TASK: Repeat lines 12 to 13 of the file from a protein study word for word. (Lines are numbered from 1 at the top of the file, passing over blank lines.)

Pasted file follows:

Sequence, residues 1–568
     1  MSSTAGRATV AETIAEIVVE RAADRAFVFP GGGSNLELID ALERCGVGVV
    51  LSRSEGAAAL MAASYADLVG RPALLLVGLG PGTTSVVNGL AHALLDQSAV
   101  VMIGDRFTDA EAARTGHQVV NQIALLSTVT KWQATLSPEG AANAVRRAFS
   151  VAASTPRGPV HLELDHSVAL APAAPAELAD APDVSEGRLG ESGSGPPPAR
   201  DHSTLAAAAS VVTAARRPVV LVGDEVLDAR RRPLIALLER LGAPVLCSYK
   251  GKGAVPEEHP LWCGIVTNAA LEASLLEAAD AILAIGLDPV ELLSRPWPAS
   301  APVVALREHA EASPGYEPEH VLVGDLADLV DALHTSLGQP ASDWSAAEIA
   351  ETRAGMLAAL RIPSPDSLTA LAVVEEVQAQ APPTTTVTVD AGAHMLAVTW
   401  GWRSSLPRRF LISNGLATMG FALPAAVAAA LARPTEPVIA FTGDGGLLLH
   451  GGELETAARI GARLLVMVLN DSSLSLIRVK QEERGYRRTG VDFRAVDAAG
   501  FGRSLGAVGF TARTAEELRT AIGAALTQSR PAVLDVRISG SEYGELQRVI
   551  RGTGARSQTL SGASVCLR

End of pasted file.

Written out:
   501  FGRSLGAVGF TARTAEELRT AIGAALTQSR PAVLDVRISG SEYGELQRVI
   551  RGTGARSQTL SGASVCLR